Why Christians can extend the same benefit of the doubt to Muslims after a violent attack
A few years ago, a co-worker asked me a question about my evangelical faith that I’ll never forget: “Are you one of those Christians who supports people who bomb abortion clinics?”
I was floored — and it wasn’t just because the woman didn’t know me well enough to ask something so offensive. I couldn’t believe someone actually thought abortion clinic bombers would receive support from a friendly, mainstream evangelical like me.
A couple of years later, I was talking with a friend who cited, in part, the teachings of TV preachers for his inability to believe in Christian theology. I tried to draw a distinction between name-it-and-claim-it theology and authentic Christianity, but it didn’t go anywhere. He had already made up his mind.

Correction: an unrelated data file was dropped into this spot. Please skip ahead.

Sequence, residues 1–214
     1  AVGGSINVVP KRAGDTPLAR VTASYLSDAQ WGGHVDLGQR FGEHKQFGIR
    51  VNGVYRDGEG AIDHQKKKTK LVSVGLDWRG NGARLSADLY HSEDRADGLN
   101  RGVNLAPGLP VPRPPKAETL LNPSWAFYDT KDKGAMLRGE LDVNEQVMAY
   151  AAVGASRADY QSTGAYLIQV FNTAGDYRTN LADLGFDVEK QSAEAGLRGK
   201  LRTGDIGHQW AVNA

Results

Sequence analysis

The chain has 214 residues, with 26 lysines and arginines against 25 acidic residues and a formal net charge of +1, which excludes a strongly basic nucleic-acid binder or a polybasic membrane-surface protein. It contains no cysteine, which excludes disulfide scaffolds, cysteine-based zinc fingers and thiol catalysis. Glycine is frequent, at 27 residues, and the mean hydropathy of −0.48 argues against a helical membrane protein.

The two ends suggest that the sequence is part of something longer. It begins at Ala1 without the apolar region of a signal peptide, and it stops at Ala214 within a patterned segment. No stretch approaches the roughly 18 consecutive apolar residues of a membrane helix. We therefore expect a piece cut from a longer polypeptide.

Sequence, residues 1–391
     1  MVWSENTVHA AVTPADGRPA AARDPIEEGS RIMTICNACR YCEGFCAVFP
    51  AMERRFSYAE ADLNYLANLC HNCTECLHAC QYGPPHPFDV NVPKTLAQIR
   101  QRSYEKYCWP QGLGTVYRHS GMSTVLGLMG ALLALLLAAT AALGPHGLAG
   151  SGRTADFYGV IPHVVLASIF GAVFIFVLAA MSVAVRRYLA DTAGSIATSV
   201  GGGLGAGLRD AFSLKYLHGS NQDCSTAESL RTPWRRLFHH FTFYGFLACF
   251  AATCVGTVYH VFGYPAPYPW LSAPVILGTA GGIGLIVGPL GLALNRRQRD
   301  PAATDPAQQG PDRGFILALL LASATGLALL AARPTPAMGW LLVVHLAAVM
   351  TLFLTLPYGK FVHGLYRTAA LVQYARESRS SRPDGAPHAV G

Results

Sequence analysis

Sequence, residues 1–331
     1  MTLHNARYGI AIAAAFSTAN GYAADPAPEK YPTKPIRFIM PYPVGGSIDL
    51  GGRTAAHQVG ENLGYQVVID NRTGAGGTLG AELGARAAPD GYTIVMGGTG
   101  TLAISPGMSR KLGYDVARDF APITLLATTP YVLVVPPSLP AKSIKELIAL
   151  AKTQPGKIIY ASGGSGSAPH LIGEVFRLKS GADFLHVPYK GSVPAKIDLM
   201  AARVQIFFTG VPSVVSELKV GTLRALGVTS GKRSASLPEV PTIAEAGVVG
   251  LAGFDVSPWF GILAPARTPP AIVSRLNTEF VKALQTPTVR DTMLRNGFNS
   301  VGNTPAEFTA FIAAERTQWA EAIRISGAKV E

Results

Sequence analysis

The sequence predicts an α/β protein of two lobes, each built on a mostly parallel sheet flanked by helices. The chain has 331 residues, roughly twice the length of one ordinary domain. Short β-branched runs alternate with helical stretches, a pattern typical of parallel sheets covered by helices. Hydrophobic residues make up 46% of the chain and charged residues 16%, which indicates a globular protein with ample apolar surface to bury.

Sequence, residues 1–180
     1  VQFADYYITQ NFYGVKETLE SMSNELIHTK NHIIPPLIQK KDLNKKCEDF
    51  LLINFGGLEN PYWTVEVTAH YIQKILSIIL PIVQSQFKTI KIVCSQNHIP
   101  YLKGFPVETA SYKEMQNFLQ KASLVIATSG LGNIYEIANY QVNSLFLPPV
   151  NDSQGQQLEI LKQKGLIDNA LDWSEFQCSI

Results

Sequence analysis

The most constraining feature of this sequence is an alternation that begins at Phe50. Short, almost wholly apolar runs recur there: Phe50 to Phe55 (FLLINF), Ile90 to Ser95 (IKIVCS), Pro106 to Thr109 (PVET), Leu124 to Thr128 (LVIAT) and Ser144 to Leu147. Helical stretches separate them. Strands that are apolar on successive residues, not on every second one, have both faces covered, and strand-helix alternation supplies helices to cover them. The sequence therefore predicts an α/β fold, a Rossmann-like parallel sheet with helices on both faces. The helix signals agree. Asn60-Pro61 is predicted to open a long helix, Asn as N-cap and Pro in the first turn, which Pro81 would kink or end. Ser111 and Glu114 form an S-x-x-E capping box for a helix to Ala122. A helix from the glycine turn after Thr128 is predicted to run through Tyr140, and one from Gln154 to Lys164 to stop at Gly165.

It’s hard representing Christ to people who are jaded and convinced that the outliers are the norm in Christianity. I don’t blame them entirely, though.
People are understandably distracted by the lifestyles of televangelists such as Creflo Dollar, who has successfully bamboozled donors into giving him enough money to purchase a $65 million jet. Then there’s the irresistible catnip in the news about those rotten funeral crashers over at Westboro Baptist Church, who must seem like such a huge deal with all the attention they get (never mind the fact that their cult has only a handful of members). And let’s not get started with all the abortion clinic attackers, philandering preachers and false prophets of doom.
To read the rest of this op-ed, click here, where you can find it at the Washington Post. Photo courtesy of Creative Commons.